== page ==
Kirchoffer prototype for Vandy's new-age lineman

Merritt Kirchoffer signed on the dotted line on Wednesday morning to accept a football scholarship with Vanderbilt. Kirchoffer represents the prototype for the new-age Vanderbilt offensive lineman-- a tall, strong, agile, well-conditioned man-child with the capability of adding considerably more weight, once exposed to Majid Noori's distinguished cuisine.

ROSWELL, Ga.-- Merritt Kirchoffer signed up for a free college education Wednesday morning.

Oh, it won't really be free of course. The 6-5, 280-pound senior from Roswell, Ga. will have to pay for his education with sweat, toil, and the pressures that come with big-time college football. But Kirchoffer and his parents, on hand for a signing ceremony at Roswell High School on Wednesday, are convinced the tradeoff is a win-win.

"I've told people I'm going to get a ten percent raise when somebody else has to feed Merritt," joked Kirchoffer's father. "I'm looking forward to Vanderbilt and their renowned sports table having to bear that burden for a while."

A conspicuously depleted returning offensive line corps led Head Coach Bobby Johnson to include a total of six offensive linemen (including Kirchoffer) amongst a 2003 signing class of 22. All six are 6-foot-4 or taller. Kirchoffer represents the prototype for the new-age Vanderbilt offensive lineman-- a tall, strong, mobile, well-conditioned man-child with the capability of adding considerably more weight, once exposed to Majid Noori's distinguished cuisine.

Now in the midst of wrestling season, Kirchoffer has purposely let his weight drop to around 277 pounds. Though listed officially by Vanderbilt Media Relations at 280, Kirchoffer told VandyMania that he actually weighed around 290 at the end of football season-- and his high school coach quickly adds that he could easily reach 320 and hold it.

Kirchoffer also moves well for a big man-- he's been timed at 4.87 in the 40-yard dash. He's bench-pressed 420 pounds, and does around 500 in the squat.

Those dimensions led big-name football schools like Tennessee, Nebraska, Florida and Arkansas to come inqiring about Kirchoffer's services. When he made his verbal commitment to Vanderbilt public over the summer, most of the others honored it and backed off. ("Some of them didn't, but I won't say who," he said.)

Like several in his signing class, Kirchoffer was a late bloomer. Perhaps it's a testament to the Johnson staff's ability to identify talent early that Vanderbilt was all over Kirchoffer before his emergence as a high school phenom.

By all accounts Offensive Coordinator Ted Cain, who recruits Georgia relentlessly, did a textbook job of selling Vanderbilt to Kirchoffer. He convinced Kirchoffer to come to Nashville for last year's spring game, where he mixed with players and coaches and instantly felt a connection.

"The campus was beautiful," said Kirchoffer. "The other offensive linemen, I seemed to get along with immediately. We just clicked like we'd been together for a long time."

Kirchoffer was brought on campus again for Johnson's prospects camp in June, and was hooked. He committed in early October.

Asked to name the single most important factor that led him to make an early commitment to the Commodores, Kirchoffer didn't have to think long.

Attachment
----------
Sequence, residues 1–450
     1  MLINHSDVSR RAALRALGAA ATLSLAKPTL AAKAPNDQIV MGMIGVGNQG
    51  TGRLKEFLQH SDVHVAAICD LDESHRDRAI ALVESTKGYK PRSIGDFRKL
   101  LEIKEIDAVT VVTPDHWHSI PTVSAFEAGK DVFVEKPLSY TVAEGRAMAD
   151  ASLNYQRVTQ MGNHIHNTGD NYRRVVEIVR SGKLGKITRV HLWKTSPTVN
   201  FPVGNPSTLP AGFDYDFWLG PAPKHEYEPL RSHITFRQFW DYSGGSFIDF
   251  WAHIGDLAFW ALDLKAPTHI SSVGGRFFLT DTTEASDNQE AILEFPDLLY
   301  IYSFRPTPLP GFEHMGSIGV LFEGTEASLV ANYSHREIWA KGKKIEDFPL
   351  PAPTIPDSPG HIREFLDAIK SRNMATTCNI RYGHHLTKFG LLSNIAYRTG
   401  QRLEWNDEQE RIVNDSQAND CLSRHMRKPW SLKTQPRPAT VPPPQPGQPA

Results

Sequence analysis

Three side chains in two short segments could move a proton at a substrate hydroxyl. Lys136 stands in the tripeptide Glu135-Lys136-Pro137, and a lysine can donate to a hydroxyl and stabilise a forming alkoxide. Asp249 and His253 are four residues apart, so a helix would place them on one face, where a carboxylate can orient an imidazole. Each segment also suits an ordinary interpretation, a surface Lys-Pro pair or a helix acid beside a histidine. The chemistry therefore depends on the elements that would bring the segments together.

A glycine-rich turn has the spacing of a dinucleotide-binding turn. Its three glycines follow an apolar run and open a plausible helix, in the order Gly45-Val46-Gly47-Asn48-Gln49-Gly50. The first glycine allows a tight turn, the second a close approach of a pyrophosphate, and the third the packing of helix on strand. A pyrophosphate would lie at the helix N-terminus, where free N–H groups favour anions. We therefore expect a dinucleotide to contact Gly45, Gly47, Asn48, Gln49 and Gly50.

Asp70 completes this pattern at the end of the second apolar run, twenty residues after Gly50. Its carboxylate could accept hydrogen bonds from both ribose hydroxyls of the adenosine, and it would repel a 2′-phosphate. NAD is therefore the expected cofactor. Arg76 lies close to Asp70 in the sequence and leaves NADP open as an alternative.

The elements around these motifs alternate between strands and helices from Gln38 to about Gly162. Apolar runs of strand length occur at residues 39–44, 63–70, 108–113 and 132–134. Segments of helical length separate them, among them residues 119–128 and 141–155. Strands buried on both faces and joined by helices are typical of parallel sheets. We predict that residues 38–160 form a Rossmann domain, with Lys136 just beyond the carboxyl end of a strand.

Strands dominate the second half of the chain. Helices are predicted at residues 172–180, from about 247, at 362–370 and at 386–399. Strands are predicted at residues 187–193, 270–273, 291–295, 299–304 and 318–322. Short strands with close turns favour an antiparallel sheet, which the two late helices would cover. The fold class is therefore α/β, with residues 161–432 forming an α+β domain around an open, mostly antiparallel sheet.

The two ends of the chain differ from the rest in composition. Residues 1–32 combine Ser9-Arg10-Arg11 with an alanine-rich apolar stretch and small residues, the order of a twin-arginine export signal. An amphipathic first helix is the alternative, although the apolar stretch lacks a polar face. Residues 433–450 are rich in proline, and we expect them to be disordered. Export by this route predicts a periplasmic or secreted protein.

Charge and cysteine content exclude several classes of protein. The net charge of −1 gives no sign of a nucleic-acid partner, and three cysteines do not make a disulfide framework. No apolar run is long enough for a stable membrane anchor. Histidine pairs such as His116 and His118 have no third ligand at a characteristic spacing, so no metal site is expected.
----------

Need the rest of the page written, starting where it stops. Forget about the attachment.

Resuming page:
"The coaches," he said. "They were incredible."

The fact that a major university like Vanderbilt might actually award Merritt a scholarship came as something of a shock to his parents. It never dawned on them until late in Merritt's junior year, said his mother, Florence Kirchoffer.

"Merritt didn't play football until the ninth grade," she said. "He was kind of small, not like he is now. Probably by his junior year he started showing potential. By his senior year he knew he wanted to play-- just who, and where was the big question."

"He was an overachiever," added Kirchoffer's coach at Roswell, Tim McFarlin. "When he came out for the team, he wasn't a natural talent-- kind of a pudgy, overweight kid, but he had a real passion for the weight room. He started wrestling about three years ago, and that really helped with his quickness and his agility."

Kirchoffer saw little playing time his junior year, due to an injury and due to the fact that McFarlin had an experienced, senior-dominated offensive line. But Kirchoffer was one of those players who truly blossomed as a senior. "This year he was the anchor for our offensive line," said McFarlin.

"Everything he's gotten this year [postseason honors, scholarship offers], he's earned. He evolved into the best offensive tackle in the region this year. A year ago we weren't sure he was going to be a Division I-A prospect. Because of his size and strength, we knew Division I-AA might be a good fit. The fact that he's going Division I-A is a testament to him."

Asked if Vanderbilt's coaches had addressed redshirting with him, Kirchoffer said the staff told him he would be a strong candidate to play as a true freshman, as Mac Pyle, another Georgian, did last year. After losing starters Jamie Byrum and Jim May to graduation, the Commodores will likely need at least one or two true freshmen to shed their customary redshirts and provide depth.

Kirchoffer refuses to be dissuaded by the fact that Vanderbilt has not had a winning football season since 1982.

"I knew the program was on the uprise," he said. "They used to have some coaches who were pro coaches who weren't really used to recruiting. Now that they have actual college coaches in, I think there'll be a huge difference.

"Bowl game next year... that's what I'm looking forward to."

Merritt Kirchoffer holds signed letter of intent

Coming Friday on VandyMania: An evaluation of Vanderbilt's signing class.

Coming next week: A two-part interview with Vanderbilt Recruiting Coordinator David Turner.

Pictures for VandyMania by Brent Wiseman

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